Halo 2600 goes far beyond any other retro gaming mock-up we’ve ever seen. For one, its actually playable in cartridge form on an actual Atari 2600. Secondly, and even cooler, you can play the game online with a little help from emulation.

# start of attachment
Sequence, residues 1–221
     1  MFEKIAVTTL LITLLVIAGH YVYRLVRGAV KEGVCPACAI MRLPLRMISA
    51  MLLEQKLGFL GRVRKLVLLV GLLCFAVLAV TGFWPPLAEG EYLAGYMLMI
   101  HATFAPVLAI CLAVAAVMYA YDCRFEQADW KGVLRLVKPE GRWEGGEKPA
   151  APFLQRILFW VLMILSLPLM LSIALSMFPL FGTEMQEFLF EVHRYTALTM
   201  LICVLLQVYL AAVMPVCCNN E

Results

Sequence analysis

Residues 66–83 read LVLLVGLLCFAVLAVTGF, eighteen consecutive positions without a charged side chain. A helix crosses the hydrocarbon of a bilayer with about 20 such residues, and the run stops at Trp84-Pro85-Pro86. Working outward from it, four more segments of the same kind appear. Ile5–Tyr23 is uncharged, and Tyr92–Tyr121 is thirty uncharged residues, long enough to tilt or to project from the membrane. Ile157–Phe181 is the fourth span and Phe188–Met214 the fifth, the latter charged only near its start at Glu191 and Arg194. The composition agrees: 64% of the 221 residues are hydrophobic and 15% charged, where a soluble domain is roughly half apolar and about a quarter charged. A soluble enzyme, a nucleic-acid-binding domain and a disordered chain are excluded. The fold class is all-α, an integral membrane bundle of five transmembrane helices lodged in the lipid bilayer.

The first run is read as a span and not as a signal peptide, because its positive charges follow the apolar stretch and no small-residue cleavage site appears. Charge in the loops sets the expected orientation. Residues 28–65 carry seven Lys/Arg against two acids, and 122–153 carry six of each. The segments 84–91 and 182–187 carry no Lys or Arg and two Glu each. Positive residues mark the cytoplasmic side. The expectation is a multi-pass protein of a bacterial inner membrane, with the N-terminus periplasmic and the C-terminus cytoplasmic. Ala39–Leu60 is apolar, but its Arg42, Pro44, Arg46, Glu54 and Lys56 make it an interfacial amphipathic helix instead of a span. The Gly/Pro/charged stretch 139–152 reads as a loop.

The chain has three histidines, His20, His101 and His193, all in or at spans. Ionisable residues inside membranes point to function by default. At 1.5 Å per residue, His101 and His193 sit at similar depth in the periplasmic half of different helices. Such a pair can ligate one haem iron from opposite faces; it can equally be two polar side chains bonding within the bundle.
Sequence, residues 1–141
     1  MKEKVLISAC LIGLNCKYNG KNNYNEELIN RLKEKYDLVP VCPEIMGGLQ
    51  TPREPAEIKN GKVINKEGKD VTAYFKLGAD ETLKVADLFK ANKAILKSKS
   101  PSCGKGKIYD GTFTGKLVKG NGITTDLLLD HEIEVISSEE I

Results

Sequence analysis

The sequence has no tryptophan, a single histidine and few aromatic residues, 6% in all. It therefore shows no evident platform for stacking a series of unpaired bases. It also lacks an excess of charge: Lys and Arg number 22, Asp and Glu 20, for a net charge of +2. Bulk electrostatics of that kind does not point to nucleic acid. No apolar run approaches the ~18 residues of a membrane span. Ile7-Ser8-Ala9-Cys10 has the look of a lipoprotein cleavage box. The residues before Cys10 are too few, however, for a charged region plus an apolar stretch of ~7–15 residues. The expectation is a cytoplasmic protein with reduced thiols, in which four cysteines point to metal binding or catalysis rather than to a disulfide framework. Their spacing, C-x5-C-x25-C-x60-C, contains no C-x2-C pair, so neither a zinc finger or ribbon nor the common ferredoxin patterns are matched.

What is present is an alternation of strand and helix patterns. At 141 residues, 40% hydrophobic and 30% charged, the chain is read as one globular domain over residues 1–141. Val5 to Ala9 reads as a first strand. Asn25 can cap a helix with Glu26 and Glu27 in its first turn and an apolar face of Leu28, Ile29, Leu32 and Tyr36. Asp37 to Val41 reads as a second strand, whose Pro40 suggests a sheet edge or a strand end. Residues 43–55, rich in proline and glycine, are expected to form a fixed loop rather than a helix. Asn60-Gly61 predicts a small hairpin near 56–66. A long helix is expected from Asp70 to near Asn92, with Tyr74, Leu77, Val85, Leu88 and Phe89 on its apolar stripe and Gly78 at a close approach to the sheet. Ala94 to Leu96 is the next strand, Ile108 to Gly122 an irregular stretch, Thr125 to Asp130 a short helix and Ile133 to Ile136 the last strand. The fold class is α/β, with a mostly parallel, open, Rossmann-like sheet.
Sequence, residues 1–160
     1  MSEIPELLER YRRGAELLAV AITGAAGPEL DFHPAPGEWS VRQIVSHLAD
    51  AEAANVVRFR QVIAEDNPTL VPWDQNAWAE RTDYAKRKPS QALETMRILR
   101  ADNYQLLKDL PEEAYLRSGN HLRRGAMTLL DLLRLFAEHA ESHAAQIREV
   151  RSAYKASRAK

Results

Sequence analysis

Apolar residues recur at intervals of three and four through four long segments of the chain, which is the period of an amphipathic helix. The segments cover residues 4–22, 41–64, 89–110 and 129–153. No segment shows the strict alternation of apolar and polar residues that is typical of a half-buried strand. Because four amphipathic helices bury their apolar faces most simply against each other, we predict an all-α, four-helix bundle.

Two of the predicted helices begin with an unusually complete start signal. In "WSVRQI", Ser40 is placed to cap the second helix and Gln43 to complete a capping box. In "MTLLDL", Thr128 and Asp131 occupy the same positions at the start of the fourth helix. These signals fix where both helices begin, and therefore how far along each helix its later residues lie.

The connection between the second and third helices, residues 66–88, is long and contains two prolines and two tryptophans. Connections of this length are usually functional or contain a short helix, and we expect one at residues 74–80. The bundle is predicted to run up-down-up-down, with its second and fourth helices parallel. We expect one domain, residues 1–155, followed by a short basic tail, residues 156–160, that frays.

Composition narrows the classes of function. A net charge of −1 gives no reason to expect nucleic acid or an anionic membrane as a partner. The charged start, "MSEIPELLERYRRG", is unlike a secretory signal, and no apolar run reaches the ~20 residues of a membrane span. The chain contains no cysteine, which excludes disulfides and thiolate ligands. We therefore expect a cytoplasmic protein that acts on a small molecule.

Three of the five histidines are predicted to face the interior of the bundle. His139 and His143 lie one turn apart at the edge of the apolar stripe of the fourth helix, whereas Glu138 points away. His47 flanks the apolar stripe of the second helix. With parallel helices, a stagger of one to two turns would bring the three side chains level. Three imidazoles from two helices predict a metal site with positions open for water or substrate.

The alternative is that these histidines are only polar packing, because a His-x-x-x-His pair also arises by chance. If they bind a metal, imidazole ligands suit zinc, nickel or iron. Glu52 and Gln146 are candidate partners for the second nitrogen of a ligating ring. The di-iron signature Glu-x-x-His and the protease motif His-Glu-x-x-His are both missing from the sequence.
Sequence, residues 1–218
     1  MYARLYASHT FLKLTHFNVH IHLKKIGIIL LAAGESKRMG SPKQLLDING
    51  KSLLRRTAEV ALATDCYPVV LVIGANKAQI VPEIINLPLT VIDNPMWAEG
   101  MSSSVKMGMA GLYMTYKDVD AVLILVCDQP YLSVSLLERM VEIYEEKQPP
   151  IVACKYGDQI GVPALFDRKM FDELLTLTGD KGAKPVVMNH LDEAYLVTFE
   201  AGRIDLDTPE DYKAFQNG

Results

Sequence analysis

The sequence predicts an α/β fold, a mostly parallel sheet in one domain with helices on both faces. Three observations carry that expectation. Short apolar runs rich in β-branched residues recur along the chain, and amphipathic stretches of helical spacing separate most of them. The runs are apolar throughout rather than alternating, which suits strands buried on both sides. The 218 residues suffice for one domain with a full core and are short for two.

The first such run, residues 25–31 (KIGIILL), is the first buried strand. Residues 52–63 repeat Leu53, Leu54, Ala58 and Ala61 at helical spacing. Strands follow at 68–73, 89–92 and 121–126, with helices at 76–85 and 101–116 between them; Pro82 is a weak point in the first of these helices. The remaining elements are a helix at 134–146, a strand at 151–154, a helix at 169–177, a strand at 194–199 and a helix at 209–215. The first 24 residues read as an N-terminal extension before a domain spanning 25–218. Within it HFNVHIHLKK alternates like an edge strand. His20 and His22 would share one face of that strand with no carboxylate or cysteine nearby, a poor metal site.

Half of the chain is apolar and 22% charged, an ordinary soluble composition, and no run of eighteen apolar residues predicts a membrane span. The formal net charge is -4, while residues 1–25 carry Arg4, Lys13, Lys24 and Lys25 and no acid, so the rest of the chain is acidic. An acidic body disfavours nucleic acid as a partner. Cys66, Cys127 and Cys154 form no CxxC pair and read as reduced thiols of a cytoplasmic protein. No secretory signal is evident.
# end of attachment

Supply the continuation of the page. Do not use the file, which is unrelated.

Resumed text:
Developed by Ed Fries, the once vice president of Microsoft’s game publishing division who assisted in the signing of Bungie Software to a first-party development deal with Microsoft, Halo 2600 was both a return to form and a new added challenge for Mr. Fries. Programming for the 2600 is no easy task compared to its 800 counterpart. Only about 100 cartridges were made available at the Classic Gaming Expo, so this was a very limited edition project.